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Clear Channel banning protest songs?

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Okay, I heard this at my book club last night (which, incidentally is about to formally throw in the towel as book club and come out as what it truly is: a wine club): Clear Channel has a list of artists which it has banned from its station because the artists have come out against the war, i.e. Sheryl Crow, Country Joe and Fist, etc.

Of course, I had heard the same thing regarding Clear Channel after 9/11 and wondered if there was any truth to this, so I did a little Googling (which is so too a verb).

What I found on Snopes is that Clear Channel never officially banned any songs from its playlists after 9/11, but that some program director had compiled a list and circulated it as an ad hoc guide.

    Given the environment, a Clear Channel program director took it upon himself to identify a number of songs that certain markets or individuals may find insensitive today. This was not a mandate, nor was the list generated out of the corporate radio offices. It was a grassroots effort that was apparently circulated among program directors.

That said, I couldn’t find anything through Google that Clear Channel was currently banning any songs performed by antiwar artists. My friend from book, ahem, wine club said she’d been forwarded a list of such artists and was being encouraged to buy their albums as a show of support. Unfortunately, I’m clearly not hip enough to get the list though I’m still getting kind letters from Ndugu telling me I only have to give him my bank account information to parttake of some $70million floating around in his hut.

I did find a list posted on someone’s blog, which I originally thought was this new list of banned protest songs. (A title like “Protest Songs Banned?” will do that to a person.) Instead, this list came from some petition that obviously came out of the rumored 9/11 banned list, and which contains a list of songs. The ‘banned protest songs’ and the ‘banned 9/11 songs’ are the same list!

This is a re-circulation of the same list of songs bouncing around in the ether after 9/11 — same story of Clear Channel banning songs, same list, same lack of verity. And same wheels.

If you come across another such list and it contains, oh, some more recent songs, I’d love to see it.

I don’t think the Clear Channel banned list exists. However, I do think that censorship at the corporate level in radio (and t.v.) occurs in other, more subtle ways, as suggested by this Op-Ed from the NYT. And as pointed out by Paul Krugman in this NYT piece (reprinted on a non-NYT site), the link between Clear Channel and the Bush administration is deeply troubling, pernicious and smacks of oligarchy.

Clear Channel, it seems, has been organizing pro-war rallies.

    Experienced Bushologists let out a collective “Aha!” when Clear Channel was revealed to be behind the pro-war rallies, because the company’s top management has a history with George W. Bush. The vice chairman of Clear Channel is Tom Hicks, whose name may be familiar to readers of this column. When Mr. Bush was governor of Texas, Mr. Hicks was chairman of the University of Texas Investment Management Company, called Utimco, and Clear Channel’s chairman, Lowry Mays, was on its board. Under Mr. Hicks, Utimco placed much of the university’s endowment under the management of companies with strong Republican Party or Bush family ties. In 1998 Mr. Hicks purchased the Texas Rangers in a deal that made Mr. Bush a multimillionaire.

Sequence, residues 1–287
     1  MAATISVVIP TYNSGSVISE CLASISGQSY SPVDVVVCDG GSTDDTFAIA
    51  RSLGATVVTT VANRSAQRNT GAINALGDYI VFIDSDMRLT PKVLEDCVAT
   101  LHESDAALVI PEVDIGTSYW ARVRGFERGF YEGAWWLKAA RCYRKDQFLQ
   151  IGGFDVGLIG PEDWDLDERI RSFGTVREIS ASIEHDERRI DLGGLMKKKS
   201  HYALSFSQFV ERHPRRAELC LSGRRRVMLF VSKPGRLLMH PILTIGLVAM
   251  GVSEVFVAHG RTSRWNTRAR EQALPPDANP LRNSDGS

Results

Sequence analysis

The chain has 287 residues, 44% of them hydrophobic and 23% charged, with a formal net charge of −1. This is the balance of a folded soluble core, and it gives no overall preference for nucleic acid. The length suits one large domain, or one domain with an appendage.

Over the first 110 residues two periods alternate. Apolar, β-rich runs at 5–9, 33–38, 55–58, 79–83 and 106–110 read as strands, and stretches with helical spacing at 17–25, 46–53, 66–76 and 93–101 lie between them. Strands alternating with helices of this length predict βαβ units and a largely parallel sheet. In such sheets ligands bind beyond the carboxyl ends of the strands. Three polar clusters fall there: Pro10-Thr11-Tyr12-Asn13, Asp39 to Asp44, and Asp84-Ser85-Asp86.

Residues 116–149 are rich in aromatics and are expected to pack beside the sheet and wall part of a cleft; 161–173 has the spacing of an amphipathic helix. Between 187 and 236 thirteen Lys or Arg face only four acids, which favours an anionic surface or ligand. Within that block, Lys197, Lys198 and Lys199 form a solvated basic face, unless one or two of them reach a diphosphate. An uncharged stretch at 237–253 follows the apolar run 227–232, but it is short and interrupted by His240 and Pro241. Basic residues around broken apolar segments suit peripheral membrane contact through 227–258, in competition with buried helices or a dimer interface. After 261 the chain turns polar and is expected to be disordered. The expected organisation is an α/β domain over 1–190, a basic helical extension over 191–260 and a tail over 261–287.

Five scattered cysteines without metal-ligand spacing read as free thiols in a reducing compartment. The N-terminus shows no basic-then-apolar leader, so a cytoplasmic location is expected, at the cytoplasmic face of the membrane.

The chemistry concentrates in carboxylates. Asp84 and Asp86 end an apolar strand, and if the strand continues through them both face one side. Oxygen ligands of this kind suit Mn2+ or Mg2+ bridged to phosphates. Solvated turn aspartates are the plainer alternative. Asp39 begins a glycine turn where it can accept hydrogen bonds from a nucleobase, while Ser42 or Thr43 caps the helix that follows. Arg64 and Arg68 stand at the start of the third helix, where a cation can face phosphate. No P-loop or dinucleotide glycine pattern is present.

There’s something happening here. What it is ain’t exactly clear, but a good guess is that we’re now seeing the next stage in the evolution of a new American oligarchy. As Jonathan Chait has written in The New Republic, in the Bush administration “government and business have melded into one big `us.’ ” On almost every aspect of domestic policy, business interests rule: “Scores of midlevel appointees . . . now oversee industries for which they once worked.” We should have realized that this is a two-way street: if politicians are busy doing favors for businesses that support them, why shouldn’t we expect businesses to reciprocate by doing favors for those politicians – by, for example, organizing “grass roots” rallies on their behalf?

    What makes it all possible, of course, is the absence of effective watchdogs. In the Clinton years the merest hint of impropriety quickly blew up into a huge scandal; these days, the scandalmongers are more likely to go after journalists who raise questions. Anyway, don’t you know there’s a war on?

That last bit regarding impropriety might hit a nerve with those of us who thought that a Halliburton subsidiary getting that lucrative no-bid contract to put out Iraqi oil well fires was suspect.

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About moira

  • san

    I think Clear Channel (CC) has a mixed anecdotal record on the censorship issue. See this article in Salon about antiwar billboards. Granted, these are pretty mild antiwar billboards, but CC is running them across the U.S., even in Texas.

    I, like you, believe that there is no official CC “banned-songs list”. There may have been some wink-wink-nudge-nudge, but no head-office dictum. Probably deemed too risky. But the “banned list” is reaching the level of urban legend.

    The tactic of quietly organizing pro-war rallies is far more interesting, and stealthy. To continue the musical reference from the NYT piece, step out of line and the man come and take you away.

  • I received an email this morning that had the list. I too did some googling which is how I found you & this page. Thought you’d want to see the list:

    Clear Channel’s List of Songs
    with Questionable Lyrics

    The following is a list of songs deemed “questionable”
    by Clear Channel Communications. They own about 1200 radio